Over £20m stolen from UK bank accounts in one of the worst cyber attacks in history

British bank accounts have been robbed of at least £20m by cyber attackers.

The National Crime Agency (NCA) has branded these internet heists as the worst they have ever seen.

Computers are infected by a virus called Dridex which has caused losses over $100m around the world.

Mike Hulett, NCA spokesman, said: “This is a particularly virulent form of malware and we have been working with our international law enforcement partners, as well as key partners from industry, to mitigate the damage it causes. Our investigation is ongoing and we expect further arrests to made.”

How Dridex works

According to the NCA, Dridex virus is more prone to affect Windows users. The malware infects computers through spam emails that seem very legitimate.

The virus doesn’t affect phones reportedly.

Who made Dridex?

The Guardian reports the virus is also called Bugat or Cridex.

According to the NCA, the malware is created by “technically skilled cyber criminals in eastern Europe to harvest online banking details, which are then exploited to steal money from individuals and businesses around the world. Global financial institutions and a variety of different payment systems have been particularly targeted”.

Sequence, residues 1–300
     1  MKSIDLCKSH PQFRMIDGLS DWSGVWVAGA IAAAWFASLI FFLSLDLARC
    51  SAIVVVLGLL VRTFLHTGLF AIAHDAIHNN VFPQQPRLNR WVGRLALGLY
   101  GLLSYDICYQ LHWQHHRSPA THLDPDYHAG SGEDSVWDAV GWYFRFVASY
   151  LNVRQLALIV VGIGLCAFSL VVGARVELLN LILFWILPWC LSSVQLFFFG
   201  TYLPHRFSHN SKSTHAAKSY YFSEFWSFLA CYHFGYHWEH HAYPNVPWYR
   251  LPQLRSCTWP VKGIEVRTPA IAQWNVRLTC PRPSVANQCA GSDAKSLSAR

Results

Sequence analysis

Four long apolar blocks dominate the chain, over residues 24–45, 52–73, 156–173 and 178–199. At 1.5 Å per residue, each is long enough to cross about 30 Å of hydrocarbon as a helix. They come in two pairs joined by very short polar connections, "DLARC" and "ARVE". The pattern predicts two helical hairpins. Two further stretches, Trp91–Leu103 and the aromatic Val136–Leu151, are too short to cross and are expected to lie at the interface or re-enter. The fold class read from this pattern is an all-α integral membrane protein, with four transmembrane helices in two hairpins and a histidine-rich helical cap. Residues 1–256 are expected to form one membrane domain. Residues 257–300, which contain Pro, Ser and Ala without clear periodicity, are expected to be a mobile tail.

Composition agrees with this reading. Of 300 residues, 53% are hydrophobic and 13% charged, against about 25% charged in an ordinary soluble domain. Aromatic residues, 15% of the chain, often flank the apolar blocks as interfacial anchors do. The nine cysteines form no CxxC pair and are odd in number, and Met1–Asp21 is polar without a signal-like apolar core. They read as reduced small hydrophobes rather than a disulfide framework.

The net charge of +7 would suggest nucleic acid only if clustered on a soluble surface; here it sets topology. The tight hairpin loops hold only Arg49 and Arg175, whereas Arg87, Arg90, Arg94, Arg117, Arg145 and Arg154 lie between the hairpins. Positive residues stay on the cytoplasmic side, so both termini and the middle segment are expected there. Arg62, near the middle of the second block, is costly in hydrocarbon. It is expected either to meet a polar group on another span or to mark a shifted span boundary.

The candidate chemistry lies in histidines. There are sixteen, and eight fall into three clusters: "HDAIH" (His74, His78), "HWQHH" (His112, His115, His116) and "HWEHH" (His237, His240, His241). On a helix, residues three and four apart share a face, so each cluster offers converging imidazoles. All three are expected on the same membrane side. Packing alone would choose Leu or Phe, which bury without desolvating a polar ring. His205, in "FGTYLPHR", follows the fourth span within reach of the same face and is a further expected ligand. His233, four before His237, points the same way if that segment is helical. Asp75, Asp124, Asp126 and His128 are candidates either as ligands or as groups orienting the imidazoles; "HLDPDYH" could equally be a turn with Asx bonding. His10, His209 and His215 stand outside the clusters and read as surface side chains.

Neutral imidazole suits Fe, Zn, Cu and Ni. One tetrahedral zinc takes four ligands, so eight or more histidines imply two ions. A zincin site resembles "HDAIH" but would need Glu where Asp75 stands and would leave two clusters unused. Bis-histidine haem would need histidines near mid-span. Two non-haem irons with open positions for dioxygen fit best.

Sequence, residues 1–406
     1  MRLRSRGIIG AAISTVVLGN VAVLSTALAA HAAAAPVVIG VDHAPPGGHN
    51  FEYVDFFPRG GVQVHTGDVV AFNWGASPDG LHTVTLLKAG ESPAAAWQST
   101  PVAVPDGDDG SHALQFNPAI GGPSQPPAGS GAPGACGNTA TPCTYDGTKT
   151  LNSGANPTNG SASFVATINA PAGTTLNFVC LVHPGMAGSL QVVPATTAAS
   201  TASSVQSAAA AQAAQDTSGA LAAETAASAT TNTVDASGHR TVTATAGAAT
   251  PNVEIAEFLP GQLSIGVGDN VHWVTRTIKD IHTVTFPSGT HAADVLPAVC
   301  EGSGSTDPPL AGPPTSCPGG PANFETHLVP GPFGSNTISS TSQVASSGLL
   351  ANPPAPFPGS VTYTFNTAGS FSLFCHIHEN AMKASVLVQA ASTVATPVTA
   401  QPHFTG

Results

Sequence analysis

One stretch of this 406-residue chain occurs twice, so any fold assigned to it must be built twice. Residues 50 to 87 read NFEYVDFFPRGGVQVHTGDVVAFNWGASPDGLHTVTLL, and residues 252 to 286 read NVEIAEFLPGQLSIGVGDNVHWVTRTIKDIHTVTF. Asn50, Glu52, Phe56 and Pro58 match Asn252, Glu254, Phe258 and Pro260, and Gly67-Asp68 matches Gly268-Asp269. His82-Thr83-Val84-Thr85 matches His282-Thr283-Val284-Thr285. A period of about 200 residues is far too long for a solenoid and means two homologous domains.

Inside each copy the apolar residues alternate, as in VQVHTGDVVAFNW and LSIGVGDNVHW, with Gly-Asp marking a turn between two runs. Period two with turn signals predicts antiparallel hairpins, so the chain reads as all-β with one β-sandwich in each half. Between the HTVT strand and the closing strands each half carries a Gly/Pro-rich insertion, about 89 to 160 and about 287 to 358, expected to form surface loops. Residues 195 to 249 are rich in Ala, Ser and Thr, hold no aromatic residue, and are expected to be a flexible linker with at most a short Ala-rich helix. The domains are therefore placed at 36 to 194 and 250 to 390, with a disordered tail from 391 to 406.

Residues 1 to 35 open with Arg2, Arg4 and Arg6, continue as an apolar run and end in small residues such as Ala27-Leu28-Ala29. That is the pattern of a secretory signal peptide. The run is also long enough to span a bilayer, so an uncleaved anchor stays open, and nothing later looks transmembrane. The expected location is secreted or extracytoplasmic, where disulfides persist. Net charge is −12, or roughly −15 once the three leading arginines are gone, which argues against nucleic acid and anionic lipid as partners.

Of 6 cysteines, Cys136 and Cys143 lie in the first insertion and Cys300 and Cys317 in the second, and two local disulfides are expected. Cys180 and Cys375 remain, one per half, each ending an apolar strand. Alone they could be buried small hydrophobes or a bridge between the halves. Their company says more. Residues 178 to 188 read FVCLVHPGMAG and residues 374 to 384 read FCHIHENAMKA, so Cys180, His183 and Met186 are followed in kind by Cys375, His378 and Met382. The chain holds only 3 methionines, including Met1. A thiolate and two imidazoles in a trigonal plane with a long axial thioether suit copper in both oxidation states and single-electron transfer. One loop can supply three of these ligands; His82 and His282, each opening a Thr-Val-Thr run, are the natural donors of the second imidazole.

How can you protect yourself against the Virus?

The NCA said: “Users are urged to visit the CyberStreetWise and GetSafeOnline websites where a number of anti-virus tools are available to download to help clean up infected machines and get advice and guidance on how to protect themselves in the future.”

 

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Readers' comments (1)

  • Anonymous

    Don't run New software that says unknown publisher as anti virus may not have caught up yet

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